Top firms may have credit ratings cut

Ribbon Cutting

JPMorgan, Bank of America and Citigroup are among eight large U.S. banks that may have credit grades cut by Standard & Poor’s on the prospect that the U.S. government is less likely to provide aid in a crisis.

Bloomberg News reports that the companies -- along with Wells Fargo, Goldman Sachs, Morgan Stanley, Bank of New York Mellon and State Street -- had senior unsecured and nondeferrable subordinated debt ratings placed on negative credit watch, S&P said Monday in a statement. S&P said it expects to resolve the credit reviews by early December.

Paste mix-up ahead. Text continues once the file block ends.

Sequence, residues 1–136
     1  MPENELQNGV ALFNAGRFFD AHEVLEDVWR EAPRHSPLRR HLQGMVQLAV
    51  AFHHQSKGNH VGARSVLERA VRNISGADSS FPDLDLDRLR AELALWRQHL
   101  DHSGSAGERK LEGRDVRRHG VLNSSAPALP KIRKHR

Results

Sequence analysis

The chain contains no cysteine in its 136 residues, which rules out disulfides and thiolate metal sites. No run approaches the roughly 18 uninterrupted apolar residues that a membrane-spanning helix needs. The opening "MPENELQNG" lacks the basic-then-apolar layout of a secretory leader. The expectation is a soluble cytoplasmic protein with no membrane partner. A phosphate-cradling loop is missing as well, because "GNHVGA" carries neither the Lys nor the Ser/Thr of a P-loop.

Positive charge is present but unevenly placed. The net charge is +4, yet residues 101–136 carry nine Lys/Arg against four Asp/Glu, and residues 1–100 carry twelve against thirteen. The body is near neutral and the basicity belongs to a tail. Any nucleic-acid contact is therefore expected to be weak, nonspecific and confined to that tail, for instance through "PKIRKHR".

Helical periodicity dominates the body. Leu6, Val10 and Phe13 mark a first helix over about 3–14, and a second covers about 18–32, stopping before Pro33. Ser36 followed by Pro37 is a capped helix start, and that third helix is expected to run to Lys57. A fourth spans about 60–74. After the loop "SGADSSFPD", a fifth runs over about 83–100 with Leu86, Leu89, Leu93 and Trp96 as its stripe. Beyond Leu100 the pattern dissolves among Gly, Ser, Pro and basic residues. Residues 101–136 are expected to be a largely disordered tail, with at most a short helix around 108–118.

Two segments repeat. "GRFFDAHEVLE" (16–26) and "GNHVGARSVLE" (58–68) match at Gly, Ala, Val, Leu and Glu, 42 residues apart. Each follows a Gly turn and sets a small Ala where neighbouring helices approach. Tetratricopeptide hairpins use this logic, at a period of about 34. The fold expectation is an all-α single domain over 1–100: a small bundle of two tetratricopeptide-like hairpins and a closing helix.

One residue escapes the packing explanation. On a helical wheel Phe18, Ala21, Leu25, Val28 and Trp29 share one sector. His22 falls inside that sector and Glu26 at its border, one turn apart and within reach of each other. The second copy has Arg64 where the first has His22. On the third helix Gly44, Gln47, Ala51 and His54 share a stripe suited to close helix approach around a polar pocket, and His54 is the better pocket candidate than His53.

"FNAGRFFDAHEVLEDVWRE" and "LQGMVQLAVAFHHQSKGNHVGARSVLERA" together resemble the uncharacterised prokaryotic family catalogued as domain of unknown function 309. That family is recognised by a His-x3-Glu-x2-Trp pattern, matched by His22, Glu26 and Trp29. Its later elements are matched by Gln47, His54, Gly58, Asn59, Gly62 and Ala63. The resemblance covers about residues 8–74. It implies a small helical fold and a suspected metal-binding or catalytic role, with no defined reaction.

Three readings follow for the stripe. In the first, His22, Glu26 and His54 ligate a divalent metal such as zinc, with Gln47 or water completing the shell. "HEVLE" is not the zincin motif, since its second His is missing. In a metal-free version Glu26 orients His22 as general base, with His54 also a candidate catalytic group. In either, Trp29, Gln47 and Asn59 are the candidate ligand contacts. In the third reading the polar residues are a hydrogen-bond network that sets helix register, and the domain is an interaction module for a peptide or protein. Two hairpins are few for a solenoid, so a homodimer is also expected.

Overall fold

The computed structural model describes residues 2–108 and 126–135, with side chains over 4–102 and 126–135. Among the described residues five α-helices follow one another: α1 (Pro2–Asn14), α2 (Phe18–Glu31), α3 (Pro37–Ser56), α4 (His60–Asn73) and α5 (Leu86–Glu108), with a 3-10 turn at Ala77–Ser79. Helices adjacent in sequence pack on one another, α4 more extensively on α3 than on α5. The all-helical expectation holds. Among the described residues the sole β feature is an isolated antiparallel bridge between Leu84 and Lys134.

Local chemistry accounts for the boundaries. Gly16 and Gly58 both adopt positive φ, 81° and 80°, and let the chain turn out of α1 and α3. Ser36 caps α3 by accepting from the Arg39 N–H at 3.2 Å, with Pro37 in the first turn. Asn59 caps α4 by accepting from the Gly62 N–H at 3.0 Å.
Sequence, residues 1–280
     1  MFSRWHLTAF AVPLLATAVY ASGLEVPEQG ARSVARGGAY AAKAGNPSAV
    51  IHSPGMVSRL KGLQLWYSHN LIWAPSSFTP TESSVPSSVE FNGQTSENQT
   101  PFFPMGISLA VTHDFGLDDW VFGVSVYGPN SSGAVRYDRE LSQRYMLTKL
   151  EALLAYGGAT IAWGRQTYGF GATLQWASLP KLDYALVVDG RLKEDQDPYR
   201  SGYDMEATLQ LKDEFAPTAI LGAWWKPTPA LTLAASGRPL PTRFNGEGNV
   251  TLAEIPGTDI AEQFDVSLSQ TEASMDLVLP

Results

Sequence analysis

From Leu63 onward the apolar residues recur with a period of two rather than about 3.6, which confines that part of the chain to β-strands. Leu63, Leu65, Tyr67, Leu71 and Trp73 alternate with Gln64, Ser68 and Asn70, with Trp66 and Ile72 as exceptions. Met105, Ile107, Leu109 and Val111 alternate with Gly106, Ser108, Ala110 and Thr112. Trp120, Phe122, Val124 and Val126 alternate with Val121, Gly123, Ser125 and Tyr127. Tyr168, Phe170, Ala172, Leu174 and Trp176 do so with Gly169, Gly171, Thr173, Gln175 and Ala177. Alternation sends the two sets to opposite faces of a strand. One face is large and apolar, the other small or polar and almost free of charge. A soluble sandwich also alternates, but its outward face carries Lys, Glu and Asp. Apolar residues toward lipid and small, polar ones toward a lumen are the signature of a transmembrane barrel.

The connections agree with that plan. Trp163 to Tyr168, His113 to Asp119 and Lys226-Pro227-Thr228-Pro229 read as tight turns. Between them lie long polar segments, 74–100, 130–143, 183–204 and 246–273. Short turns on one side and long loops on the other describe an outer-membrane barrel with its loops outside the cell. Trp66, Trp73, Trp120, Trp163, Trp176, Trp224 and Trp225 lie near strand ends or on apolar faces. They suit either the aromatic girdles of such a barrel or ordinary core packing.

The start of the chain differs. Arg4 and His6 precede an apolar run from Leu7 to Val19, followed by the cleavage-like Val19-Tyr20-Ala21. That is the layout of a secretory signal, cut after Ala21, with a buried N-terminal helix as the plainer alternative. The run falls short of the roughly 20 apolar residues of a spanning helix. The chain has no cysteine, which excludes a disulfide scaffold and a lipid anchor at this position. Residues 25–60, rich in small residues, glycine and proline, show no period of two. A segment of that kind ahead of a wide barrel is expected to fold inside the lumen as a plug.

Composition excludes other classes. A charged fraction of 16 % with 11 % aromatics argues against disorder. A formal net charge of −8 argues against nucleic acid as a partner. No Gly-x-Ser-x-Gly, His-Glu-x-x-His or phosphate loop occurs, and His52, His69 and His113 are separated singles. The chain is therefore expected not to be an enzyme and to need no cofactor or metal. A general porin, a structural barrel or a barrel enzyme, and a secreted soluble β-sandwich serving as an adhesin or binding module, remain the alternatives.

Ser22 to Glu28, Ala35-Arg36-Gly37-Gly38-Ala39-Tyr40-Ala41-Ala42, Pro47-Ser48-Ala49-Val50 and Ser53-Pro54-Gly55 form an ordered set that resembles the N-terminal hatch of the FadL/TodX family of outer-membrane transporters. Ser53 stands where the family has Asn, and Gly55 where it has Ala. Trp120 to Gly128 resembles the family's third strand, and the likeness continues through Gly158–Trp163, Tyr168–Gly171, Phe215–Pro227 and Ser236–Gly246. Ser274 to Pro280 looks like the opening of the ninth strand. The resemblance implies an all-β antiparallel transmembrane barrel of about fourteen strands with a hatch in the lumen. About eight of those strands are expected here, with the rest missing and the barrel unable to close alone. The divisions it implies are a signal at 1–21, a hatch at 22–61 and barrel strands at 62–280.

The Federal Reserve approved a rule last week that will require large U.S. banks to hold a stockpile of debt that can be converted into equity if they falter. The rule on total loss-absorbing capacity, or TLAC, is a key part of regulators’ efforts to avoid another financial crisis.

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JPMorgan, BofA, Citigroup Among Big U.S. Banks S&P May Cut

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